# Interpolation

• Mar 21st 2010, 03:50 AM
Makall
Interpolation
Show that the polynomial interpolating the following data has degree three.

$\displaystyle \begin{tabular}{|r|r|} \hline$x$&$f(x)$\\ \hline -2&1\\ -1&4\\ 0&11\\ 1&16\\ 2&13\\ 3&-4\\ \hline \end{tabular}$

If I set up a lagrange polynomial, I get $\displaystyle -x^3-x^2+7x+11$. Is this sufficient to show it is of degree 3? The official solution is $\displaystyle \Delta^3f(x_{0}) = -6, \Delta^4f(x_{0}) = 0, \Delta^5f(x_{0}) = 0$ using Newton's forward-difference formula but I don't know what delta is supposed to be.

Thanks.
• Mar 21st 2010, 05:43 AM
Soroban
Hello, Makall!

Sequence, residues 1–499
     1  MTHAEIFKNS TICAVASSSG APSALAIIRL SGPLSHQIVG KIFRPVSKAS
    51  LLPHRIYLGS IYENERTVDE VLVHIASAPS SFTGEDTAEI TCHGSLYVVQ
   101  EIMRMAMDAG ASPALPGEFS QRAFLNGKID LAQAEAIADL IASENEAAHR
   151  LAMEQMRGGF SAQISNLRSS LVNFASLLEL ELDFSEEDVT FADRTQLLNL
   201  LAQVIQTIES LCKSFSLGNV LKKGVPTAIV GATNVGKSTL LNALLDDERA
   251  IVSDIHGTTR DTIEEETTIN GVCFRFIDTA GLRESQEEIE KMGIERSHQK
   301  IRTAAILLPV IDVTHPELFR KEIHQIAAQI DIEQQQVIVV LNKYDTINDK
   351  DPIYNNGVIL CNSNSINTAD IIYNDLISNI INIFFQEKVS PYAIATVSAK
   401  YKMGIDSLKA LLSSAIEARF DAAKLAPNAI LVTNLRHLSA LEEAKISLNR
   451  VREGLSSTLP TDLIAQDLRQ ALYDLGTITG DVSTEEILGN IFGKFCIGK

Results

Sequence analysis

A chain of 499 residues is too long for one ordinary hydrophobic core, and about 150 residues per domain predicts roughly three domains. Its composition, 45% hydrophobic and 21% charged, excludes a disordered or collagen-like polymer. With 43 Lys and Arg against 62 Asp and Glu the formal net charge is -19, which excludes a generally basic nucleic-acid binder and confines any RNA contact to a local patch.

Quote:

Show that the polynomial interpolating the following data has degree three.

$\displaystyle \begin{tabular}{|r|r|} \hline$x$&$f(x)$\\ \hline -2&1\\ -1&4\\ 0&11\\ 1&16\\ 2&13\\ 3&-4\\ \hline \end{tabular}$

I am not familiar with "Newton's forward-difference formula",
. . but I'm sure it is similar to the following.

Take the differences of consecutive terms,
. . then take the differences of the differences, and so on.

$\displaystyle \begin{array}{c|ccccccccccc} \text{Function: }f(x) & 1 && 4 && 11 && 16 && 13 && \text{-}4 \\ \text{1st diff: }\Delta f && 3 && 7 && 5 && \text{-}3 && \text{-}17 \\ \text{2nd diff: }\Delta^2f &&& 4 && \text{-}2 && \text{-}8 && \text{-}14 \\ \text{3rd diff: }\Delta^3f &&&& \text{-}6 && \text{-}6 && \text{-}6 \end{array}$

Since the third differences are constant,
. . the generating function is of the third degree (a cubic).

Your function is correct . . . Good work!